Deep Purple in Concerto - Antwerp, 30 September 2000
Hi Purple people!
Yesterday night, I was driving from Brussels to Antwerp to see Deep Purple in concert for the 7th time. A special gig though: Deep Purple's "Concerto for Group and Orchestra", born again from its ashes.
The place was the Sport Paleis of Antwerp. Huge venue indeed... Everybody had a seat, just like at the opera (don't try to swap it, they're watching you!)... Average age of the audience: about 45-50 (they were kids in 70's). Average age of the musicians: hardly more (they were kids in the 60's).
So here I am sitting (in a dream...) with a promising programme booklet in my hand. Just before me, a whole family is sitting (the father looks 50, bank employee, driving a van. He has come directly from his job, I guess, because he wears his suit, and even a tie). They buy an ice-cream (just like at the movies!), waiting for the show to start. I'm curious to see them when they realise they are not attending the Spanish Horseriding School Show which is programmed a few weeks later...
OK, 8.30 pm sharp: lights go off and Jon Lord appears alone introducing the Romanian Philarmonic Orchestra and Paul Mann (the Conductor), as well as Miller Anderson who will offer his warm voice on "Pictured Within" and the backing vocals. "Pictured Within" is a charming moment. The acoustic is quite OK except a little too weak to cover screams or even chat noises from some stupids (without any flare guns, fortunately...).
Then comes Ronnie James Dio in a stretch black outfit, perfectly fitting. This little guy looks so big as soon as his wonderful voice reveals what's inside of him! He's accompanied by the rest of the band except Ian Gillan.
Ronnie moves forward into "Sitting In A Dream". Beautiful song. Then, introduced as a number that you made a hit "even in Belgium" (!), "Love Is All" warms up the whole audience. Comments in the crowd: "I didn't know this was from them!", "Is it not a jingle for a TV ad?", "Ooh, that's good! I thought Deep Purple was a heavy metal band..."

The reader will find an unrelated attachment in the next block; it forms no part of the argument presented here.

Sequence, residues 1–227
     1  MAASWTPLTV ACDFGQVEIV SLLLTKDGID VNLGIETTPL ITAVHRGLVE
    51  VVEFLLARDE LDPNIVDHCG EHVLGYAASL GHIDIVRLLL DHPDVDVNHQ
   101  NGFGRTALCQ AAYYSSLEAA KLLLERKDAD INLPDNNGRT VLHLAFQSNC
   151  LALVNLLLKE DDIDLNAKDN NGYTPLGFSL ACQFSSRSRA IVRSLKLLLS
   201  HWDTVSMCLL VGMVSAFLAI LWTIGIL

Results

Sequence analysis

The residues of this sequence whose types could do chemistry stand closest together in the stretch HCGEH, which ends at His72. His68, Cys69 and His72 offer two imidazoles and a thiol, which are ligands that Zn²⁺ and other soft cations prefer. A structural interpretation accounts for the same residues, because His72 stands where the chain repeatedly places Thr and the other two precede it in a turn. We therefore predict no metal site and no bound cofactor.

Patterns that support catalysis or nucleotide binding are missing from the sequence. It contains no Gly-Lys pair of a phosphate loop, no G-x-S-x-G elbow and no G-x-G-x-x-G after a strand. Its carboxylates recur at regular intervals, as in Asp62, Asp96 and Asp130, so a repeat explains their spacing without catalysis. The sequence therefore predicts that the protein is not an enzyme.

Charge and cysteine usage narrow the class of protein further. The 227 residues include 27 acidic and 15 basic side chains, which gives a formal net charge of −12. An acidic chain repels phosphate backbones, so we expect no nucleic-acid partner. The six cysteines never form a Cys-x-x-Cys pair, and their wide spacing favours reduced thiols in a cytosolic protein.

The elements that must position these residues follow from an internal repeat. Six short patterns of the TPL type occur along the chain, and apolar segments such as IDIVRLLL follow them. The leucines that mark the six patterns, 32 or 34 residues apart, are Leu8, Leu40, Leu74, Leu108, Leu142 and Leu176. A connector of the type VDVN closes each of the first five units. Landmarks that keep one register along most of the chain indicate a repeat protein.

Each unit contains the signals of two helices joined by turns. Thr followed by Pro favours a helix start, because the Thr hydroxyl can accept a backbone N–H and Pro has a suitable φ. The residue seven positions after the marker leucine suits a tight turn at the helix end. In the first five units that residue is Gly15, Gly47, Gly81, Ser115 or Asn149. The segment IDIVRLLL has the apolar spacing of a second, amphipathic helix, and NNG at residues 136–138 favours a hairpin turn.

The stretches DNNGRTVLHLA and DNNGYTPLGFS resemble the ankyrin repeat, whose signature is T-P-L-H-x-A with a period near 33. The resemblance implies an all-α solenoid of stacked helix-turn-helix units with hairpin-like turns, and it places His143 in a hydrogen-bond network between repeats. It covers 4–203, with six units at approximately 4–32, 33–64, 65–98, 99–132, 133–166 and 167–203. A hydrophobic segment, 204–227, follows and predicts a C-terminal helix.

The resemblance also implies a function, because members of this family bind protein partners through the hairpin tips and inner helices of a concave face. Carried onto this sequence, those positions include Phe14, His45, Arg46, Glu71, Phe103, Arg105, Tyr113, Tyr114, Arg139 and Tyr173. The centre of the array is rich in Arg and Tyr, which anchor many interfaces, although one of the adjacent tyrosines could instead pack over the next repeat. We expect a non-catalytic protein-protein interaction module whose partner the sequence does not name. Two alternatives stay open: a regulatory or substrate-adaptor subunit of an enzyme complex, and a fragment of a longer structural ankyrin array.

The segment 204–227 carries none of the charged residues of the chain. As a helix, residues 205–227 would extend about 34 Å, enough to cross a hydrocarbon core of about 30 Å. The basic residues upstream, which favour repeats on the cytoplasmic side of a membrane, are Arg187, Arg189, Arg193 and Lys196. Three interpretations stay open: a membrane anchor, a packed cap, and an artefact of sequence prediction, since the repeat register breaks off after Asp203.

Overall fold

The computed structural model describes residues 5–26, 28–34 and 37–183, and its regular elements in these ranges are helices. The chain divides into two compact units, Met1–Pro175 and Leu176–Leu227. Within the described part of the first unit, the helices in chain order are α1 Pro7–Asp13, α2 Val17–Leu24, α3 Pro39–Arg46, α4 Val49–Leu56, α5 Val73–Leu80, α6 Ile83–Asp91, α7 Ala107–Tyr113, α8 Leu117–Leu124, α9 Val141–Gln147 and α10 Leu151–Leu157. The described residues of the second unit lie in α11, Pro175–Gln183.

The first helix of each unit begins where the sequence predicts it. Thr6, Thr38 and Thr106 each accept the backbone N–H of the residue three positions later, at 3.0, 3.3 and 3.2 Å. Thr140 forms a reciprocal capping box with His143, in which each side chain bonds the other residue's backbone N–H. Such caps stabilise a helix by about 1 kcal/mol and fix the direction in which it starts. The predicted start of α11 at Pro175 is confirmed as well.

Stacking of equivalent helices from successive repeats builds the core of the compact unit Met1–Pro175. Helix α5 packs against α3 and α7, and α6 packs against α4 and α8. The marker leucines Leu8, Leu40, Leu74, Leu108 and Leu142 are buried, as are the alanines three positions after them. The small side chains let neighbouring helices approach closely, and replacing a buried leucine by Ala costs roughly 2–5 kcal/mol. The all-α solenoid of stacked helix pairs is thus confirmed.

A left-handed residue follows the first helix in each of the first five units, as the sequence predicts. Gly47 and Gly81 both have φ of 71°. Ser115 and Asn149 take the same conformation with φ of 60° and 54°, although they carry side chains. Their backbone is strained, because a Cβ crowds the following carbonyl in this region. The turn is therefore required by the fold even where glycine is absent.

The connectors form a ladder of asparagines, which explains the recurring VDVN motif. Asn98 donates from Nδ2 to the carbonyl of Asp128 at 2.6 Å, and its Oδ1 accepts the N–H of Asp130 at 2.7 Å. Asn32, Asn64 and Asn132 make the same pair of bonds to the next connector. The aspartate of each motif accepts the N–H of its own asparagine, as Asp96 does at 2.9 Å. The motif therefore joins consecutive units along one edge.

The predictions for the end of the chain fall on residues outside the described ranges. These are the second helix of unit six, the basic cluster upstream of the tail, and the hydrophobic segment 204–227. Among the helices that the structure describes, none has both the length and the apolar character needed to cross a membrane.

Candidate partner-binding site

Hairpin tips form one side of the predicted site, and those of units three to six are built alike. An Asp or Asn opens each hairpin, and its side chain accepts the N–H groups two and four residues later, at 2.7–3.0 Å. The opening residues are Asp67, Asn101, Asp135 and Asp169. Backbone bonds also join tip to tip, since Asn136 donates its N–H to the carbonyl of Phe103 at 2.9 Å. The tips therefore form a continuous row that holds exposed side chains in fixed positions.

Before leaving, some promo of "Magica", the new Dio album, was required. "Fever Dreams" was brilliantly performed by the band. Steve Morse seems to be really enjoying himself with this heavy riff that he could have composed... To my big surprise, as I was watching at this very moment, I saw the man with his family sitting in the row in front of mine and saw him waving his head like a true metal fan. But the most amazing thing was that his wife and two daughters were doing the same...! I swear: That's what I saw!
Following this, we got a (little dashed) version of "Rainbow In The Dark". Nothing matches the 1986 live version of Dio's band, although it was interesting to see Jon Lord performing the keyboard line...
Bye bye from Ronnie for now. He leaves the place to an instrumental Deep Purple, performing a very jazzy "Wring That Neck". This gives you a clue of the incredibly wide range of music types that Deep Purple can cover.
Ian Gillan finally appears. He seems a little puzzled by the total absence of reaction of the public. A technician coming on the stage would have received more applause. I guess the changes of music styles, as well as people appearing on stage during the first 30 minutes, can explain that the public's emotion is not able to follow the rhythm. Ian looks at the crowd ("look at you!"), the crowd looks at Ian. They both seem to say "nice to meet you". Fortunately, Ian will soon realise how strongly the Belgian public loves him...